Fonz ordered the Vietnamese Curry Chicken with potatoes and carrots, served with jasmine rice for his entrée. After taking the first bite, he admitted that, while not a fan of curries in general, this dish was quite good. The curry sauce was surprisingly sweet in a pleasant way, with a subtle, spicy curry flavor. Everything, from the tender chicken to the slightly crunchy potatoes and carrots, was cooked perfectly. Fonz definitely seemed to enjoy his choice.

J had the Monkey Bridge House Special Rice Noodles, a bowl of rice noodles topped with sautéed pork and onion, a sliced egg roll, and a prawn skewer. Even though there was a lot of food in this dish, J found it surprisingly light. Every component was quite tasty. The pork was fork tender. The egg roll was good and crunchy. He did feel like the prawn skewer was kind of overkill though. It was flavorful but he ended up eating it like an appetizer rather than as part of the entrée.

My entrée of choice was the Garlic-Lemongrass Beef Ribs with Vietnamese salad and brown rice. The kalbi cut ribs were quite good. Tender and seared just enough to give a caramelized flavor to the marinade. While the marinade did have the soft, bright lemongrass flavor I was hoping for, the garlic flavor was far too subtle, just like it was with the chicken drumstick appetizer. I’ve made my own garlic-lemongrass marinade so I know how well these flavors compliment each other when of equal strength and this dish was missing that delicious mix of tastes.

The salad was forgettable other than it had way too much shredded cabbage and the brown rice paled, both in flavor and color, in comparison to the brown rice at Thai Thani.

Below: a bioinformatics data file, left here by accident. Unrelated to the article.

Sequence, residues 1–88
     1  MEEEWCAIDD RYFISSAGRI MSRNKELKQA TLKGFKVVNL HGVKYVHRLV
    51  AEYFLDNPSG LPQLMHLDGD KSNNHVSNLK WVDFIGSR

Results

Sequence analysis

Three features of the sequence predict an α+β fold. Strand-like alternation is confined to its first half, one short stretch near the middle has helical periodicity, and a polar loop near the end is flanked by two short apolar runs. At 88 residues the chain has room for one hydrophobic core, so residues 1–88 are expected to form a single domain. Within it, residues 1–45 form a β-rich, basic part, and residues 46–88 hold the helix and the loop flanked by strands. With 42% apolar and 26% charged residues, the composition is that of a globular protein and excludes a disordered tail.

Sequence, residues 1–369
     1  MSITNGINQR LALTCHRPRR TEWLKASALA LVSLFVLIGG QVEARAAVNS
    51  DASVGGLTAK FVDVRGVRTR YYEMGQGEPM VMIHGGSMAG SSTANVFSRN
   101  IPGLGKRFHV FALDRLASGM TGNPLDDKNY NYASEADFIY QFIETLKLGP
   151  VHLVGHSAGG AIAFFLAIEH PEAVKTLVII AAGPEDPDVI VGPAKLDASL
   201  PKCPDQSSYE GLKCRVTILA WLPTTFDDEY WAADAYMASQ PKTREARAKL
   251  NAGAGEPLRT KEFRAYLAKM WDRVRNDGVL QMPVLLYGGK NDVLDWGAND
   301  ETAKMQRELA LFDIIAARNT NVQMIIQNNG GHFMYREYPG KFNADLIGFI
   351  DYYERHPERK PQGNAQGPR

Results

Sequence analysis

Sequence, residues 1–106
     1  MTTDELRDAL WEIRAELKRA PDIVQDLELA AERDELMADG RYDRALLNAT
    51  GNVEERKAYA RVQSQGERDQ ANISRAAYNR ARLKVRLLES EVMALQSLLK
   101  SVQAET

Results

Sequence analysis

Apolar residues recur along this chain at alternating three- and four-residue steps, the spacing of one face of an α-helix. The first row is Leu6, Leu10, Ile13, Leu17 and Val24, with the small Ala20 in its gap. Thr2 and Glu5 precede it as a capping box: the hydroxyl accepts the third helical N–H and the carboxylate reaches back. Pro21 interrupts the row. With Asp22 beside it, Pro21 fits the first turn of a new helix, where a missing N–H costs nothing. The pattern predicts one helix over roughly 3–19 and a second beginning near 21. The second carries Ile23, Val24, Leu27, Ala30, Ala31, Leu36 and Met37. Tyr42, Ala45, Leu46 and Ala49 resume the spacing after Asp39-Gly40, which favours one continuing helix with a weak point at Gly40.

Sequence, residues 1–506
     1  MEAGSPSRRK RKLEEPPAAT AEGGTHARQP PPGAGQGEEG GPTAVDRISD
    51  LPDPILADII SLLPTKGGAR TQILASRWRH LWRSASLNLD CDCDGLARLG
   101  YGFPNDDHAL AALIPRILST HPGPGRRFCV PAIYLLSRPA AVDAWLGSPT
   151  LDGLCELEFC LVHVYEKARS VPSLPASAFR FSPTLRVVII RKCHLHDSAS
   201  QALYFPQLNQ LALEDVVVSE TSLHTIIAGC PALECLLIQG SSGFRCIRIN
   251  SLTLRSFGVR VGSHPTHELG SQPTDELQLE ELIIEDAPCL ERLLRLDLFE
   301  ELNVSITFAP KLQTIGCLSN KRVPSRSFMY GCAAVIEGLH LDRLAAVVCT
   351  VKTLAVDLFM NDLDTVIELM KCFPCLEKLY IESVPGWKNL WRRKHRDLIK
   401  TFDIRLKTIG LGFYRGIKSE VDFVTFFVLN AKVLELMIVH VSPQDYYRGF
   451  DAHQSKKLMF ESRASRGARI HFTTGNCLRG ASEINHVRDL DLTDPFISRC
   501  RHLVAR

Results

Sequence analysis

The Price:

Jasmine Tea: 2.00

Sabeco Beer: 4.00 ea

Fried Tofu: 4.50

Garlic Mini Chicken Drumsticks: 7.15

Vietnamese Curry Chicken: 10.15

Monkey Bridge House Special Rice Noodles: 10.40

Garlic-Lemongrass Beef Ribs: 10.65

The Verdict:

Overall I would say our meal at the Monkey Bridge was pretty good. The service was fine. Other than a couple of missteps, the food was tasty enough for us to explore other dishes. I’d especially like to try their version of a bahn mi (Vietnamese Baguette on their menu) since I’ve see those mentioned on many a food/travel program.

I think what it has going for it is it’s diversity. J put it best, Monkey Bridge is “a nice alternative to the millions of Thai places and lack of good Chinese food”. Sure their entrees run a couple of dollars more than the typical Asian fare in Ballard but the variety of choices, portion size and fresh ingredients make up for that.

We’ll be back to try something new and different after the project ends if not before. Now if only Ballard would get a good Korean restaurant …

And a big thank you to Fonz for joining us. Feel free to do so again anytime.

  1. Susan
    August 17, 2011 at 9:05 am

    I enjoyed the meal I had at Monkey Bridge – an excellent soup and one of the baguettes. I also like the cosy-without-feeling-crowded aspect of the place. Definitely want to take Ken there the next time we’re in Seattle.

  1. January 24, 2012 at 12:22 pm